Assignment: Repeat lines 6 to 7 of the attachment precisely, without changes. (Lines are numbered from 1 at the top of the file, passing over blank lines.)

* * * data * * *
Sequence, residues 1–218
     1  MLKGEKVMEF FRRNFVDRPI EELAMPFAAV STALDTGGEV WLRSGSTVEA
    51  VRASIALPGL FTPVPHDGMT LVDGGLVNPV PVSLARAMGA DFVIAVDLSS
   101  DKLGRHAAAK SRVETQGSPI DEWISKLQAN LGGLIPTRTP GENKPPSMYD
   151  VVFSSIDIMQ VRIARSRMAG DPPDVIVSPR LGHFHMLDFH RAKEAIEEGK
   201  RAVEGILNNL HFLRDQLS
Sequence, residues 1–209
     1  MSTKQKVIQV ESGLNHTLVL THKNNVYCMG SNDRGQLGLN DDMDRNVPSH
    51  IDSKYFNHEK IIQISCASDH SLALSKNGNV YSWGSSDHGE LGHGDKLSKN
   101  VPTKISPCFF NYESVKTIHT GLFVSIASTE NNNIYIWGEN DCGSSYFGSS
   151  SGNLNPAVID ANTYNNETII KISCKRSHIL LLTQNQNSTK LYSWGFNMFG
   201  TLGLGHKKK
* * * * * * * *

   201  RAVEGILNNL HFLRDQLS
Sequence, residues 1–209